“Što Te Nema?” (“Why Are You Not Here?” in Bosnian) is a public monument created as a response to Europe’s worst atrocity since World War II: the systematic killing of more than 8, 000 Muslim men and boys in the UN-protected safe area of Srebrenica and the surrounding areas in Bosnia and Herzegovina in July of 1995.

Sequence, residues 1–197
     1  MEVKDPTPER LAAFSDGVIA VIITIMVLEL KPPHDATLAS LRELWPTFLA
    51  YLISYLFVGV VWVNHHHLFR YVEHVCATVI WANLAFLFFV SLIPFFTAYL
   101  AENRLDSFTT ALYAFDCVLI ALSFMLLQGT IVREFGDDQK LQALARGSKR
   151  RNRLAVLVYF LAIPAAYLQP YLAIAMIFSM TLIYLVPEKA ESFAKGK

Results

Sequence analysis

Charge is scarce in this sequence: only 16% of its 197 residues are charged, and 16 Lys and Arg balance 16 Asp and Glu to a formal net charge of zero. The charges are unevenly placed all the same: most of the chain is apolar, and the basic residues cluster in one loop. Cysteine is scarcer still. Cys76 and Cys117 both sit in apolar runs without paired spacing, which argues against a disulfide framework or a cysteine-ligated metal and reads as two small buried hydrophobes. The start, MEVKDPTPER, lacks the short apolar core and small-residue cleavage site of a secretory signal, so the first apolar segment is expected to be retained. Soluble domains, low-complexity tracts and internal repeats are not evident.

“Što Te Nema?” is collectively assembled and disassembled by people on city plazas and squares once a year. The public participates by placing small, porcelain coffee cups on the ground and filling them with Bosnian coffee prepared on the spot throughout the day. The thousands of small porcelain coffee cups called fildžani have been collected and donated by Bosnian families all over the world. Their number increases each year, roughly corresponding to the growing number of bodies found, identified and buried to date. As a self-perpetuating monument without a permanent physical place (with a nomadic physical site), “Što Te Nema?” consistently depends on the public’s active participation and initiative in order to exist. The involvement and participation that happen through this shared ritual allow for constant re-creation, re-interpretation and reproduction of personal and collective memory of Srebrenica genocide.
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